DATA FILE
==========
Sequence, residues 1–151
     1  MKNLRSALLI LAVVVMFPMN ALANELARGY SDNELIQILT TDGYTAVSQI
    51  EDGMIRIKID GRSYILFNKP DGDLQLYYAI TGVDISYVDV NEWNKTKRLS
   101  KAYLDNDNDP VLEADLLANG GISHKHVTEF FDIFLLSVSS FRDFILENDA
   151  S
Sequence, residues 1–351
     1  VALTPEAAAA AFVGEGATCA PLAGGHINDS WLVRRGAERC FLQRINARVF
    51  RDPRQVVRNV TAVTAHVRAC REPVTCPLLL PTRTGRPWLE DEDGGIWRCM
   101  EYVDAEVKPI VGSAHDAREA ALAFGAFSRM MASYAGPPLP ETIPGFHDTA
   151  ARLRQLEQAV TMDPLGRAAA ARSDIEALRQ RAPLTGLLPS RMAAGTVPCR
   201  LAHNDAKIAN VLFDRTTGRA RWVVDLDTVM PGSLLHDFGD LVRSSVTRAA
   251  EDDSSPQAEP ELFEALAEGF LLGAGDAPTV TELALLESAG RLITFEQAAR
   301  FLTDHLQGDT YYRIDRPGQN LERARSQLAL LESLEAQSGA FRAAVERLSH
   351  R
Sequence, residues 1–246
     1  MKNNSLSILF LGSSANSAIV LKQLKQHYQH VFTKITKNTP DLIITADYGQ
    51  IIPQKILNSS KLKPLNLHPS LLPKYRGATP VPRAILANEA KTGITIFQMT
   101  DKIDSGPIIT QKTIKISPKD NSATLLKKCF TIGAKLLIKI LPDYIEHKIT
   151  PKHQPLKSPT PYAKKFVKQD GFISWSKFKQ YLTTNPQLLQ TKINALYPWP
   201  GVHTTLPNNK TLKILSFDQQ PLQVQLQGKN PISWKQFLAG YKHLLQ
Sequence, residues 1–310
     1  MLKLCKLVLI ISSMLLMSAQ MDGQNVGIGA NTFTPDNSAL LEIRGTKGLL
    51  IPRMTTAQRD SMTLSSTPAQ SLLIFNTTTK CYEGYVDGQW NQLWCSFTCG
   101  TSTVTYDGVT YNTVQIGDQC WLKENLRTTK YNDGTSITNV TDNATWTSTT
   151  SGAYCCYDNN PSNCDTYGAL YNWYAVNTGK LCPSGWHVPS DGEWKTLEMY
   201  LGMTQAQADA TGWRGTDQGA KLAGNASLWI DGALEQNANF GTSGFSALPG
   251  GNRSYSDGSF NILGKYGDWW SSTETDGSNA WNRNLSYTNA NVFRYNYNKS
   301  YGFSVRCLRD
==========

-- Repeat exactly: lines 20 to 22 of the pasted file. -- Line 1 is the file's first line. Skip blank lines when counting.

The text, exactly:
   201  GVHTTLPNNK TLKILSFDQQ PLQVQLQGKN PISWKQFLAG YKHLLQ
Sequence, residues 1–310
     1  MLKLCKLVLI ISSMLLMSAQ MDGQNVGIGA NTFTPDNSAL LEIRGTKGLL